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Buy the Unloved, 2010 Style

It pays to go against the grain.

Russel Kinnel, 03/03/2010

If chasing hot performers hasn't gotten you very far, consider doing the opposite.

Categories with the greatest inflows tend to underperform and those with the greatest outflows tend to outperform. Net flows tend to be driven by past returns, so, in effect, they are telling you what areas have gotten relatively overpriced and underpriced. If the market and fund investors were perfectly efficient and logical, flows and prices would only adjust so that everything had a similar potential risk/reward profile.

However, markets and fund investors generally overdo things in both directions, as the markets of the past two years illustrate vividly.

Since 1994, Morningstar has tracked a strategy named "buy the unloved," which suggests investing in funds from the three most heavily redeemed equity categories from the past 12 months. In addition, it suggests trimming back your positions in the three loved--meaning the most purchased--equity categories.

If you think about it, the logic is somewhat similar to rebalancing. When you rebalance, you are generally selling what's expensive and buying what's cheap because the expensive holdings in your portfolio are those that have rallied the most. Fund flows tend to follow performance, so this strategy reflects a similar approach, only with an emphasis on the extremes, where the most money moved in or out.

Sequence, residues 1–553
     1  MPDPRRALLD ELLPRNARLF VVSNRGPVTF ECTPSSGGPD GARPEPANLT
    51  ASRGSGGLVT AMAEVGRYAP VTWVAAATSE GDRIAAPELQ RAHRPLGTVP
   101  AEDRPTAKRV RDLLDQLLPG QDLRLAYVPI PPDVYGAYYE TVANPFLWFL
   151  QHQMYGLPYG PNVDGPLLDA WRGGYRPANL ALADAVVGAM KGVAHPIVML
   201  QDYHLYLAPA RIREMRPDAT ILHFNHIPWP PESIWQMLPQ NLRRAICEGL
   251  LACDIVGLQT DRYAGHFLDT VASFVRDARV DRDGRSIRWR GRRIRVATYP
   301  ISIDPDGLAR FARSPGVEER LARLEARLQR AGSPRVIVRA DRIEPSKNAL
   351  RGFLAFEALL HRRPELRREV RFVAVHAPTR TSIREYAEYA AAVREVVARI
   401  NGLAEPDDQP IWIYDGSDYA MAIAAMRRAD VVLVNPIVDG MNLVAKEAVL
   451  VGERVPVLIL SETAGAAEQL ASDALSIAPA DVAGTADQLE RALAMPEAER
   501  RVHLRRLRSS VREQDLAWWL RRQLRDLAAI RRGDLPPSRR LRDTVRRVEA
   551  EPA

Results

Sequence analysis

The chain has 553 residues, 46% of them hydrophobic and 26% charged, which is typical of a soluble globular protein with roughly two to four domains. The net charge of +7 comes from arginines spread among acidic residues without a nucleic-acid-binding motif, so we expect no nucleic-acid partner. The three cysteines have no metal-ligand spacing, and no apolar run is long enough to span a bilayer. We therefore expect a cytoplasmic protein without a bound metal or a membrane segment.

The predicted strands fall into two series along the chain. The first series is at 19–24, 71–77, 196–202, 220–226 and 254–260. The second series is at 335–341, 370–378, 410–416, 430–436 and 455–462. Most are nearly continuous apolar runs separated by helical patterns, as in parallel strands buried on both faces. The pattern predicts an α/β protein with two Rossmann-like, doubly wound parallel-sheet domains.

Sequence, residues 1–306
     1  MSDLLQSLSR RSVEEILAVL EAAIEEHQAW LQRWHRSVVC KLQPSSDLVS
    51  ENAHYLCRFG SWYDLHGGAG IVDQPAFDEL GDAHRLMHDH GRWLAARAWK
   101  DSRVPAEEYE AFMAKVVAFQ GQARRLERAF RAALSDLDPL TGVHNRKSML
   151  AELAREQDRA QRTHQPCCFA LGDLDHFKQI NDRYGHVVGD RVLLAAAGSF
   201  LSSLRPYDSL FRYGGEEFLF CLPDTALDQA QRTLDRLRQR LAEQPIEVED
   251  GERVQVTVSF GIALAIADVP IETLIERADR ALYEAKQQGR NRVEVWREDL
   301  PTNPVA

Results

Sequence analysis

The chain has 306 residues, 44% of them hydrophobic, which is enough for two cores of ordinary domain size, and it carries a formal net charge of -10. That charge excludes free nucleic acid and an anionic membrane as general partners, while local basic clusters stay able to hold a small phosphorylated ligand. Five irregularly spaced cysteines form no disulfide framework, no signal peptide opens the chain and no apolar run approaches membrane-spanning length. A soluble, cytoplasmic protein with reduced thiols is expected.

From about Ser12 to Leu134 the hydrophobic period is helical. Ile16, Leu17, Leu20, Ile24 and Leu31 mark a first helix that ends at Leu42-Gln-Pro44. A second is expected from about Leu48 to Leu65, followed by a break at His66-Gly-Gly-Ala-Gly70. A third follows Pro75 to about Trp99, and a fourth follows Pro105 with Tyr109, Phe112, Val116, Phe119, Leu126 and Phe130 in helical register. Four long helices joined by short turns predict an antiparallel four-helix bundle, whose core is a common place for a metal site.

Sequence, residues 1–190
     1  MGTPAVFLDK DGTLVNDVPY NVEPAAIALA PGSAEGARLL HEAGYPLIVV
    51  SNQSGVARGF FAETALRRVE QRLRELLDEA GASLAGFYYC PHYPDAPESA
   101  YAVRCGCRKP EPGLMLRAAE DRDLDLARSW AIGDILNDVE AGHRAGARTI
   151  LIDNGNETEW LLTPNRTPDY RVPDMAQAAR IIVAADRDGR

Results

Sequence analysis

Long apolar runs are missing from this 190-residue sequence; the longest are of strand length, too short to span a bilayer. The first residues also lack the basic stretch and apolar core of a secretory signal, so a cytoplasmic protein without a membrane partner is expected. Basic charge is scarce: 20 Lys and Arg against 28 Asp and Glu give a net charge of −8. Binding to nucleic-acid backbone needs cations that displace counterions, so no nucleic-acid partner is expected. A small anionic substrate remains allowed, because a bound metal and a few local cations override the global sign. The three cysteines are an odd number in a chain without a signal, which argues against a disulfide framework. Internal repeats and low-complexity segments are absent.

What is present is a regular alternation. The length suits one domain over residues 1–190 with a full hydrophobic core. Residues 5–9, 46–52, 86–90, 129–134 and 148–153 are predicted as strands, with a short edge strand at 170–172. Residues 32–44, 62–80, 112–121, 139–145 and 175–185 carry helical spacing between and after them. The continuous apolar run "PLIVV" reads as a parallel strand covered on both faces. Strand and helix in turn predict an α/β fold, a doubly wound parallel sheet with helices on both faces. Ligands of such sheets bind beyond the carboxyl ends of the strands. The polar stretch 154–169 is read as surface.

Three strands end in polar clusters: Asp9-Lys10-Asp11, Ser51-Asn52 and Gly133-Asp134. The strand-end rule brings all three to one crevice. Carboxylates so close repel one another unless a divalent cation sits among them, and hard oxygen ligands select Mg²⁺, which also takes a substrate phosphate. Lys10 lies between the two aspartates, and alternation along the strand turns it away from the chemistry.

To implement the strategy, you buy funds from the three most unloved categories and do so again the next year and the year after that. In the following year after accumulating three batches of unloved categories, you roll money from the first batch into a new batch so that your holding period is three years.

From 1994 through 2009, the buy-the-unloved strategy produced an annualized 8.1% return, compared with 4.77% for the loved, 6.24% for the S&P 500, 6.96% for the Wilshire 5000, and 5.36% for the MSCI World. This assumes you invest in the unloved categories for three years running and then roll over the oldest group into the new unloved group starting in year four.

The strategy also produced strong results if you run it on a five-year rotation. In that version, the unloved produced an 8.08% annualized return, compared with 4.25% for the loved, 5.17% for the S&P 500, 5.76% for the Wilshire 5000, and 4.55% for the MSCI World.

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